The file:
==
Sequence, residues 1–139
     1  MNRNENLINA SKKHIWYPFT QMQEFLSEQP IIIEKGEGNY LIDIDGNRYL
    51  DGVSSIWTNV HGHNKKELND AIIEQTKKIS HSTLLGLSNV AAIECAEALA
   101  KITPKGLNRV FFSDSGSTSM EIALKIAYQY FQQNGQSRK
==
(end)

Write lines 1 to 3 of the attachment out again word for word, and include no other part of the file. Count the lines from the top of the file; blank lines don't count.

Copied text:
Sequence, residues 1–139
     1  MNRNENLINA SKKHIWYPFT QMQEFLSEQP IIIEKGEGNY LIDIDGNRYL
    51  DGVSSIWTNV HGHNKKELND AIIEQTKKIS HSTLLGLSNV AAIECAEALA